10 Theses Against The Social Justice Requirement
Posted by Aniket on February 14, 2013
- People who are interested in the concept of social justice have plenty of classes to choose from across departments ranging from philosophy to economics. There is no need for any compulsory general requirement.
- What is Social Justice? Who gets to define it? One of the definitions I received from an advocate of the new requirement was this: ” When a society is committed to the pursuit of fairness, redress of grievances, inclusion, human rights and humanism.” But something seems wrong when to define one loaded word, one has to use five more loaded words. Besides, if freedom is seen as an integral component of justice, then it is an inherent contradiction to force students to take a course.
- Social Justice should not be interpreted as political correctness. It should not degenerate to silence on controversial issues. The idea of justice is itself complex and dates back to Plato who defined it as the harmonious reconciliation of different parts of the whole.
- The SJ requirement is reactionary in the sense that it rests on the presumption that prejudice is simply a product of ignorance and that people can be forced to overcome their deep seated beliefs by mandating a class. Searching for an instant solution to “hate crimes” should itself be seen as simplistic and unfair.
- What are the actual logistics of this class? Who would teach it and in what department? Would it be big enough to accommodate the entire student population? Would colleges be allowed to design their own social justice curriculum? How would it affect inter-college relations within the University?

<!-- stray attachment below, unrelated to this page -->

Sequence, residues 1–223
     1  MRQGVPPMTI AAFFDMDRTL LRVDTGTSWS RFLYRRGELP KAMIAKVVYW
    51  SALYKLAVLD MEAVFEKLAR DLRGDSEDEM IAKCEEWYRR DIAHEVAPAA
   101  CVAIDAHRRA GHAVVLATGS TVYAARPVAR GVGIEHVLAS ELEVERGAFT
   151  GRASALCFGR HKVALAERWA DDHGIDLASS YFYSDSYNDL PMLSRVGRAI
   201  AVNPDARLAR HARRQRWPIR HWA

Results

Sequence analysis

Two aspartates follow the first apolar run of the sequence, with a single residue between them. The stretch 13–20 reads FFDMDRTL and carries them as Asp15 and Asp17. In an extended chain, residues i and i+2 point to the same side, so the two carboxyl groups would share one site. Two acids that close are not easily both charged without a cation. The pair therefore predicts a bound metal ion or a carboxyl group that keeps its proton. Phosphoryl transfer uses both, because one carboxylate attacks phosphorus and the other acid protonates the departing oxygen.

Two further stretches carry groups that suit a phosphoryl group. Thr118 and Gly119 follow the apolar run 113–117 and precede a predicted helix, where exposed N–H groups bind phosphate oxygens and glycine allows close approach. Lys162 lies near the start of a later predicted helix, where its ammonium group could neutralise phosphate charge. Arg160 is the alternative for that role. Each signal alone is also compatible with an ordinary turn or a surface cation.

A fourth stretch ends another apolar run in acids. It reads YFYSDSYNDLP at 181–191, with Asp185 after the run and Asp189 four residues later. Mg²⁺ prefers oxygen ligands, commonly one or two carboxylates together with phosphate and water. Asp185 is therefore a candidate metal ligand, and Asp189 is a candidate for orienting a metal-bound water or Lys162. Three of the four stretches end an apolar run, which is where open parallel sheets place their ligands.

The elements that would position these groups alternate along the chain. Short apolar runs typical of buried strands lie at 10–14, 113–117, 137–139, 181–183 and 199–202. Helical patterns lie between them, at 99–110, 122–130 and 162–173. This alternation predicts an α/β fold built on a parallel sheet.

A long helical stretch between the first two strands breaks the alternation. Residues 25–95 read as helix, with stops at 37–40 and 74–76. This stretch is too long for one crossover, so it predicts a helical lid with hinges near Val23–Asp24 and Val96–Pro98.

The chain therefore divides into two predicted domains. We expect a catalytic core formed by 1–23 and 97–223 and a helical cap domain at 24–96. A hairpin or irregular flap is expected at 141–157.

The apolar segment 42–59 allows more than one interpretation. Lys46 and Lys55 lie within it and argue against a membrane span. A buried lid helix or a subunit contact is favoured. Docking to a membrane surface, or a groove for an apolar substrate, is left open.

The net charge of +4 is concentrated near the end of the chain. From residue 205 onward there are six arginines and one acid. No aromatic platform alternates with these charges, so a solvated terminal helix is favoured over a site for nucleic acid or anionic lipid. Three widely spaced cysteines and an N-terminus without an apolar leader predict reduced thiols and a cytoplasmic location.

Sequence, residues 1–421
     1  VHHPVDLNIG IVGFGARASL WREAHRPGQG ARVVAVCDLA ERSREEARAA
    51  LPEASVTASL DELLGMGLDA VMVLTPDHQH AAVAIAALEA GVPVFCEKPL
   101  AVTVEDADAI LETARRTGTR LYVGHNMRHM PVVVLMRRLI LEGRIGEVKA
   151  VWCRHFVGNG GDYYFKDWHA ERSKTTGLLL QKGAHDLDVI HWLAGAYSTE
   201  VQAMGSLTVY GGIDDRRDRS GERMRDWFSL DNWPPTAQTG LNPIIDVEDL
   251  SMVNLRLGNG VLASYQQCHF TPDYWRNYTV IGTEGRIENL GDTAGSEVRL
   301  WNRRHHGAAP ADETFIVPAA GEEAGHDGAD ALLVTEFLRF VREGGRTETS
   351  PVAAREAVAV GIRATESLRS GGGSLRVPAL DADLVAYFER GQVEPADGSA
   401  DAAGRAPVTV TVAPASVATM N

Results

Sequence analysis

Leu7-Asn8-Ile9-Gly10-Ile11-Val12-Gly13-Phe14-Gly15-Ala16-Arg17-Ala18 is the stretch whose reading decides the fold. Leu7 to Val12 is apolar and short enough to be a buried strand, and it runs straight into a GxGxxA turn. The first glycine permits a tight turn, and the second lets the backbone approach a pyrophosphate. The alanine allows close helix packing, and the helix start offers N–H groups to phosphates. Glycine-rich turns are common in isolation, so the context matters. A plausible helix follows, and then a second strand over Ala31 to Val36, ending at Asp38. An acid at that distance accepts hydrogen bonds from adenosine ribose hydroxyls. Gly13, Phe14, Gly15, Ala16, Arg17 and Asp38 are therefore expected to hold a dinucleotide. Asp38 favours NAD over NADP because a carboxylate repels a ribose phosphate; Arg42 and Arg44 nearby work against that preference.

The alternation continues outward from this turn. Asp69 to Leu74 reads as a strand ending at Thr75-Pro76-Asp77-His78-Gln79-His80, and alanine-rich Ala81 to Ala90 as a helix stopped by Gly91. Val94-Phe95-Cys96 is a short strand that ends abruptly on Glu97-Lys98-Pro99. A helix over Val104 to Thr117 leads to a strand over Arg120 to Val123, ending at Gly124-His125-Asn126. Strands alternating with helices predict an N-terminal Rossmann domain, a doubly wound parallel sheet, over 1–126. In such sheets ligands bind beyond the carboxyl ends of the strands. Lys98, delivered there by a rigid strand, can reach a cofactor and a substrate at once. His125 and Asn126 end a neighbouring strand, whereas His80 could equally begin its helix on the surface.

- If the central purpose of education is to enable people to engage in free and critical thinking, what impact would such a requirement have on their analytical abilities?
- Technical proficiency and academic success are often compatible with the existence of bias. How would coursework allow people to overcome the perceived social problems on Cornell Campus?
- There is a crucial difference between other science and liberal arts requirements and a specific SJ requirement. Other general requirements still allow students to choose their courses of interest. But the SJ requirement would be a direct attack on the students’ choice in designing their own unique academic experience.
- It would hurt those who are really interested in exploring the concept of social justice. Do you want to be in a class full of people sighing and complaining while you’re actually interested in the material? A class where the vast majority of people happen to be there because they couldn’t do otherwise would descend into boredom and drudgery.
- It should be seen as another attempt to replace personal responsibility with bureaucratic administration. People would be absolved of their responsibility to select courses because some of those decisions would have already been made for them by those in the positions of authority.